Imperatives Of The Lagos Light Rail Project

Imperatives Of The Lagos Light Rail Project

Imperatives Of The Lagos Light Rail Project

Though the importance of mass transportation in supporting urban life differs among cities, the Lagos State Government’s yearning for a mass transit system propelled by light rail cannot be divorced from a resolve to achieve an inclusive growth in a state that has since become a mega-city.

In achieving this performance oriented objective, the state government realised that infrastructural development remained a vehicle to drive the state’s ambitious plan to become Africa’s modern mega-city. Thus, it embarked on the construction of the Lagos-Badagry expressway 10-lane expansion of the road project which encompasses a light rail to achieve its economic development programme.

To most project analysts, areas with good public transit systems are economically thriving communities offering location advantages to businesses and individuals choosing to work or live in them.

They reasoned that when completed, the rail project will not only unleash a truly competitive private sector, but help galvanise other laudable projects like the $2 billion Lagos Energy City the state government is executing in partnership with some private sector in that axis.

Informed stakeholders who appraised the project believe that it will also help to reduce traffic congestion, travel times and air pollution in the state.

However, before the project got to this stage, there had been longer –term challenges worth bearing in mind that kept it in the limbo over the years.

The idea of developing a rapid wall transit in Lagos dates from the 1980s, with the Lagos Metro-line network conceived by the Alhaji Lateef Jakande administration during the Second Republic.

It was revived by the immediate past governor of the state Senator Bola Tinubu, in early 2000 with a formal announcement of its construction in December, 2003.

The project was tailored to be implemented by the newly formed Lagos Metropolitan Area Transport Authority (LAMATA).

For a period of five years, it could not take off because LAMATA gave priority attention to the development of a Bus Rapid Transit (BRT) system, running from Mile 12 to Lagos Island.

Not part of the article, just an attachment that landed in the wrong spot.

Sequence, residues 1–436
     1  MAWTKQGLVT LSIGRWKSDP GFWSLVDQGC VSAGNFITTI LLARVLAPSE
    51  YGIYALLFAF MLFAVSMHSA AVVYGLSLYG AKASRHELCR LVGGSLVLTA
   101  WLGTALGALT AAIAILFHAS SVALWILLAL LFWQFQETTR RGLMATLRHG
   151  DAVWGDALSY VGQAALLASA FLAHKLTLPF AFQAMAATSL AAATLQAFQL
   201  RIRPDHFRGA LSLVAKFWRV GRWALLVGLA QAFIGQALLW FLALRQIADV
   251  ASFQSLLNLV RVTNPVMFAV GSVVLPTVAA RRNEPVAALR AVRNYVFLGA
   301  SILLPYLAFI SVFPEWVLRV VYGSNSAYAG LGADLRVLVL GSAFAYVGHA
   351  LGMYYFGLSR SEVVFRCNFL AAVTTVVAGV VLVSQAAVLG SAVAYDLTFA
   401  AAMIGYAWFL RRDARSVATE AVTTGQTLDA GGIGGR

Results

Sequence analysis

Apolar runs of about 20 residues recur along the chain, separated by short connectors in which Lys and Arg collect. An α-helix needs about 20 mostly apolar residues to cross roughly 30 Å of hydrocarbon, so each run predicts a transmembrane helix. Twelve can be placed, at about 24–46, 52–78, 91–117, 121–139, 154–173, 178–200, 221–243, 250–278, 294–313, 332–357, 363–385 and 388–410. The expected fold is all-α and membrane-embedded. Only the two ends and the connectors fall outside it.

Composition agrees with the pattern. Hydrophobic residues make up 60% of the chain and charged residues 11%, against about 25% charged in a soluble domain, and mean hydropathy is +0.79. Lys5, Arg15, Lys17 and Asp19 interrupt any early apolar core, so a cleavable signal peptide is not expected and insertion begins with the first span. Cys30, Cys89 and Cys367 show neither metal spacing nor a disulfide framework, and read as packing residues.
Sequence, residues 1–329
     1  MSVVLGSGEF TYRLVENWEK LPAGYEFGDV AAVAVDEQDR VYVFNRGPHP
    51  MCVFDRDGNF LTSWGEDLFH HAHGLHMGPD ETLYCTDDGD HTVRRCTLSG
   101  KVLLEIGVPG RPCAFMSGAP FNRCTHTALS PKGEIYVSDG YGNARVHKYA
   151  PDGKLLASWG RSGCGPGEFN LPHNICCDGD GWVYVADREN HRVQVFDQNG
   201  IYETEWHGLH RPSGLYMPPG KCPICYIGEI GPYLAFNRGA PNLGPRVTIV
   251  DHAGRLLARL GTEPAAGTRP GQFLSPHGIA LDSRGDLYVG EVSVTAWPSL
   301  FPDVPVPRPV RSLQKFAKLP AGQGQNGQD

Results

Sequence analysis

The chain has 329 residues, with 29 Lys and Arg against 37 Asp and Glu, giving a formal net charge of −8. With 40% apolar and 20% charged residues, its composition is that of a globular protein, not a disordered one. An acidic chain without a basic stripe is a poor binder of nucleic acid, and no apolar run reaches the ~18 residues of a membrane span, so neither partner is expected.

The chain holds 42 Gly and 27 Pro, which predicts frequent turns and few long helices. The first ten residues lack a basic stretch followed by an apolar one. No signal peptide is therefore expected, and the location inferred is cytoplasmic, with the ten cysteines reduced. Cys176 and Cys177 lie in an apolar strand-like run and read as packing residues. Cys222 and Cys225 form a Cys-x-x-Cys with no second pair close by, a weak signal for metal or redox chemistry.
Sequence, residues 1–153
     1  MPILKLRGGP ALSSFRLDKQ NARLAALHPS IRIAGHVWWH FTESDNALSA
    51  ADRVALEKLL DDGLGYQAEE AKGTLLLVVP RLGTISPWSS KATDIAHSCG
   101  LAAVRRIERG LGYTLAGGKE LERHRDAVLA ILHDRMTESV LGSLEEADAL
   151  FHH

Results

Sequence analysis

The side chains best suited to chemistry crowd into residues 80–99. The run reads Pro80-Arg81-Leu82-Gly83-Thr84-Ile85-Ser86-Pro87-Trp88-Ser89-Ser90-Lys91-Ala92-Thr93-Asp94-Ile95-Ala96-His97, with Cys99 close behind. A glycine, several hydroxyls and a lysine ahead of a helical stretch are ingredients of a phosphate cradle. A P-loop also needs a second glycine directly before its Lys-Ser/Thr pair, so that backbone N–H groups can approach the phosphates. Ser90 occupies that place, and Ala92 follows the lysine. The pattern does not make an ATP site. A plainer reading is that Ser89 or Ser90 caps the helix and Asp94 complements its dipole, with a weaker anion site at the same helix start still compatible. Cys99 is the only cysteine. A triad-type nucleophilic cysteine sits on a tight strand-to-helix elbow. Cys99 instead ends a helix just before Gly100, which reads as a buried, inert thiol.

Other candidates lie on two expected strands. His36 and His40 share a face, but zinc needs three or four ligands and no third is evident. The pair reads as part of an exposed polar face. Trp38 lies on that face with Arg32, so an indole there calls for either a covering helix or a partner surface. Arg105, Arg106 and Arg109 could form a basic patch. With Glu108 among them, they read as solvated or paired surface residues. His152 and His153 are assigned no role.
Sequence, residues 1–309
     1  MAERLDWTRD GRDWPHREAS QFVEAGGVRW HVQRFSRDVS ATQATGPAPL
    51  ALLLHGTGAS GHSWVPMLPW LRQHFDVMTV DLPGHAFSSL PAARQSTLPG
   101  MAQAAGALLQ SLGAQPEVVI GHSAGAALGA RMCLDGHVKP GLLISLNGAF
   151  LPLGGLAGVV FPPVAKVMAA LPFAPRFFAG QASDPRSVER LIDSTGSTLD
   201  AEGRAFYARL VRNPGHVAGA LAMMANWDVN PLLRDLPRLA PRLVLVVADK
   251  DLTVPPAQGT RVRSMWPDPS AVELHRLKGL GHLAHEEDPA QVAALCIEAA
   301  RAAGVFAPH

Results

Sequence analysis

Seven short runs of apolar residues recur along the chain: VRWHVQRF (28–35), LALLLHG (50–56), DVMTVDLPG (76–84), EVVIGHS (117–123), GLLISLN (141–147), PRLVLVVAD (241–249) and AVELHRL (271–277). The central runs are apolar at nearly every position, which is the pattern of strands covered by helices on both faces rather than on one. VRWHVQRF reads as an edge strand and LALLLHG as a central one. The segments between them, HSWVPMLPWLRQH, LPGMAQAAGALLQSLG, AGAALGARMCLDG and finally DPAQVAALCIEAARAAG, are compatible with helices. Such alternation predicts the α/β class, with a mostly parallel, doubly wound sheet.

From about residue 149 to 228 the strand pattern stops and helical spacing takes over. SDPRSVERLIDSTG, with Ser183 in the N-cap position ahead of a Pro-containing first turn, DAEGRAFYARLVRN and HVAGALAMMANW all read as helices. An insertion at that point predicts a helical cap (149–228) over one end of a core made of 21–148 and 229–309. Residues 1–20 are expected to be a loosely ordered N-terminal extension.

Poised to harness the grassroot dynamism and entrepreneurial potentials lurking in the axis, LAMATA in 2008, began to make progress with the rail project with the Lagos State Government approving of ₦70 billion for construction of the Okokomaiko-Iddo-Marina Line.

In September 2011, LAMATA announced that it would be acquiring the older H5 and H6 series subway cars from public transit operator, Toronto Transit Commission (TTC), based in Toronto, Ontario, Canada.

It was gathered that the subway cars were those being decommissioned to make way for the TTC’s new articulated Toronto Rocket series subway cars that are being introduced.

Thereafter, they would be refurbished and converted to operate on international gauge in the United States before being put into service on the new Lagos Light Rail’s Blue and Red lines.

The Blue Line project is currently being built by China Civil Engineering Construction Corporation (CCECC) and is designed to run 27.5 km from Marina to Okokomaiko, with 13 stations.

The project specification shows that end-to-end journey time will be approximately 35 minutes and it is being built as a high capacity, electrically powered rail mass transit system.

Most of the route will be on the surface, running east-west, in the central reservation of the rebuilt Badagry expressway between Igbo-Elerin road (Okokomaiko) and Iganmu.

The line will run on elevated structure from Iganmu along the south side of the expressway, passing the junction with Eric Moore road, crossing just south of the National Theatre to Iddo, then south to Lagos Island with a terminal at Marina.

Construction is underway between the National Theatre and Mile 2. A Maintenance and Storage Facility (MSF) will be constructed at Okokomaiko, with a track connection from the Blue Line to the depot.

The entire Blue Line will operate over a secure and exclusive right-of-way, with no level crossings and no uncontrolled access by pedestrians or vehicles.

With the Federal Government reneging on its agreement to partner with Lagos State to finance construction of the Blue Line, the state government is financing it its own way using facilities accruing to the state from various sources.

It is on record that the Lagos Light Rail is the first modern rail-based public transport in Sub-Saharan Africa outside South Africa

The railway equipment including electric power, signalling, rolling stock and fare collection equipment will be provided by the private sector under a concessionaire that would generate its own dedicated electricity, while LAMATA would be responsible for policy direction, regulation and infrastructure for the network.


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